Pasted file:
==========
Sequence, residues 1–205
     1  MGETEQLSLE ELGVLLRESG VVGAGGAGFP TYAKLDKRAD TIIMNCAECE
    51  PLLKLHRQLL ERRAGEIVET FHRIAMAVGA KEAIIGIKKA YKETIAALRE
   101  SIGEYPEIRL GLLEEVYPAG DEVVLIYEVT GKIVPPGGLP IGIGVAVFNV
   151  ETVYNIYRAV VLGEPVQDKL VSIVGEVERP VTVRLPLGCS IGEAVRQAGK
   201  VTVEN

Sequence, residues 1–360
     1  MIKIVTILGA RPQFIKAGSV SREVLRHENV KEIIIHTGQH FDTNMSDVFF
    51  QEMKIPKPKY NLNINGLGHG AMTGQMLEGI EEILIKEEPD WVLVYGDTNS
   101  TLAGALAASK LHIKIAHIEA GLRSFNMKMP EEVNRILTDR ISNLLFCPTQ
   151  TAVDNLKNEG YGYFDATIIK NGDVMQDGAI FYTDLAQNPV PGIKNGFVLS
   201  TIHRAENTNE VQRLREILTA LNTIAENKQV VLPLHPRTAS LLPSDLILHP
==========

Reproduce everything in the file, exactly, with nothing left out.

Sequence, residues 1–205
     1  MGETEQLSLE ELGVLLRESG VVGAGGAGFP TYAKLDKRAD TIIMNCAECE
    51  PLLKLHRQLL ERRAGEIVET FHRIAMAVGA KEAIIGIKKA YKETIAALRE
   101  SIGEYPEIRL GLLEEVYPAG DEVVLIYEVT GKIVPPGGLP IGIGVAVFNV
   151  ETVYNIYRAV VLGEPVQDKL VSIVGEVERP VTVRLPLGCS IGEAVRQAGK
   201  VTVEN

Sequence, residues 1–360
     1  MIKIVTILGA RPQFIKAGSV SREVLRHENV KEIIIHTGQH FDTNMSDVFF
    51  QEMKIPKPKY NLNINGLGHG AMTGQMLEGI EEILIKEEPD WVLVYGDTNS
   101  TLAGALAASK LHIKIAHIEA GLRSFNMKMP EEVNRILTDR ISNLLFCPTQ
   151  TAVDNLKNEG YGYFDATIIK NGDVMQDGAI FYTDLAQNPV PGIKNGFVLS
   201  TIHRAENTNE VQRLREILTA LNTIAENKQV VLPLHPRTAS LLPSDLILHP